We each spent the second day of the visit holding consultations with policymakers and practitioners in Washington DC. We participated in a breakfast meeting with a cross-section of civil society actors and afterward visited officials and practitioners working on Africa-related issues in the State Department and a US Congress sub-committee support team. In my reflection on the visit, I wrote about the rich learning, networking, and visibility it afforded me, my colleagues, and our APN-supported work, and how much I appreciated the opportunity.4Titilope Ajayi, “Reflection on the Washington, DC Advocacy Trip,” March 5—6, 2020, Kujenga Amani, May 6, 2020, https://kujenga-amani.ssrc.org/2020/05/06/reflections-on-the-washington-dc-advocacy-trip-march-5-6-2020/ As testament to this visibility, in March 2021, The Conversation Africa invited me to share a summary of my article entitled, “Nigeria must rethink responses to women displaced by Boko Haram.”5Titilope Ajayi, “Nigeria must rethink responses to women displaced by Boko Haram,” The Conversation, February 2, 2021, https://theconversation.com/nigeria-must-rethink-responses-to-women-displaced-by-boko-haram-150798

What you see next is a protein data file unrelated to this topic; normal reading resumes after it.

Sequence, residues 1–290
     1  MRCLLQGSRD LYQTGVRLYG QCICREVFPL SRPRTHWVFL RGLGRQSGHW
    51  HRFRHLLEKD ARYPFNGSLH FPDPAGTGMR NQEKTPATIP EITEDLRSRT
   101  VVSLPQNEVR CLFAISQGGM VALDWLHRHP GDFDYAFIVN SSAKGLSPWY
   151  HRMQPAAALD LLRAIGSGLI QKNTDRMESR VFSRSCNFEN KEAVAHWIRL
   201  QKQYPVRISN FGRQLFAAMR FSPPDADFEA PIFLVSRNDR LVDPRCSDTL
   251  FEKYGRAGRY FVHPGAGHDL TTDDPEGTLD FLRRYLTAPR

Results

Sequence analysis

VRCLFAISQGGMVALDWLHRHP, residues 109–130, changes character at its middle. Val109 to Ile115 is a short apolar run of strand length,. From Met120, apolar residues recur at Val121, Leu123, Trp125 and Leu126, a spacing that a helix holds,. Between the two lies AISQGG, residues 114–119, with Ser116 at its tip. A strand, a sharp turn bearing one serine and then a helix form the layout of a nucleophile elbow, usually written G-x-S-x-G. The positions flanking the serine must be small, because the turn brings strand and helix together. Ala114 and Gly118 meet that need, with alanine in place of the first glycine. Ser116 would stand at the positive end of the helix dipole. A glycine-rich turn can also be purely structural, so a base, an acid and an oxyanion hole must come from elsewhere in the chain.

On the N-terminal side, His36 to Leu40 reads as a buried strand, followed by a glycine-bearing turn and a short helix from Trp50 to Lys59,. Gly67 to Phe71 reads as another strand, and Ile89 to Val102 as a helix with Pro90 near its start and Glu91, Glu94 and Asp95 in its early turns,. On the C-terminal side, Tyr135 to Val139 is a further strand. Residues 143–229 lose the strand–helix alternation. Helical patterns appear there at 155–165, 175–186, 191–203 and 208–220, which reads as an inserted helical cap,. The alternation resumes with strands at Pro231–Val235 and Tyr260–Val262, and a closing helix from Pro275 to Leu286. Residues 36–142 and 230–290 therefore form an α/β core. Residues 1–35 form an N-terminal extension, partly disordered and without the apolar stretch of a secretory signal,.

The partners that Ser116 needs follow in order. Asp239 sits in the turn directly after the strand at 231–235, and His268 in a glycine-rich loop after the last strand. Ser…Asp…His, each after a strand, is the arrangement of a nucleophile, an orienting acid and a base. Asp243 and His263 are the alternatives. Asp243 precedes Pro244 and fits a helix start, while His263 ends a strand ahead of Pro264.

Courtesy of the APN, during my fieldwork for the fellowship in September 2018, I shared my work, “Death by Migration: Lessons from the Drowning Deaths of 26 Young ‘Nigerian’ Women Migrants” at the High-Level Policy Dialogue jointly organized by the APN, the Nordic Africa Institute (NAI), and the African Institute for Peacebuilding and Conflict Transformation (AIPECT) on “Migration Peace and Security in North Africa and the Sahel” in Marrakech, Morocco. Engaging in that space with the work of diverse academic and policy actors, including Phinith Chanthalansy of UNESCO’s Maghreb Office and Mustapha Elkhalfi, Morocco’s Minister Delegate for Relations with Parliament and Civil Society, greatly enriched my thinking about the connections between security threats and responses and how academic and policy knowledge can be fused toward effective multi-actor responses.